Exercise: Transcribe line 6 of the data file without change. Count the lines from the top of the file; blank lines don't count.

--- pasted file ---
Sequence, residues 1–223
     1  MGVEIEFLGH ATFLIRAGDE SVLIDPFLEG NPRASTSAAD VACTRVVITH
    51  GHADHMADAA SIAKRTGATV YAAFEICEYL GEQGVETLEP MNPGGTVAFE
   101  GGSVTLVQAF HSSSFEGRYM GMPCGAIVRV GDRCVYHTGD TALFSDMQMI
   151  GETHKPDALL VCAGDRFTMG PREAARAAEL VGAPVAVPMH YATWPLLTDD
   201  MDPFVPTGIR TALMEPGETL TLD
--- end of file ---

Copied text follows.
   201  MDPFVPTGIR TALMEPGETL TLD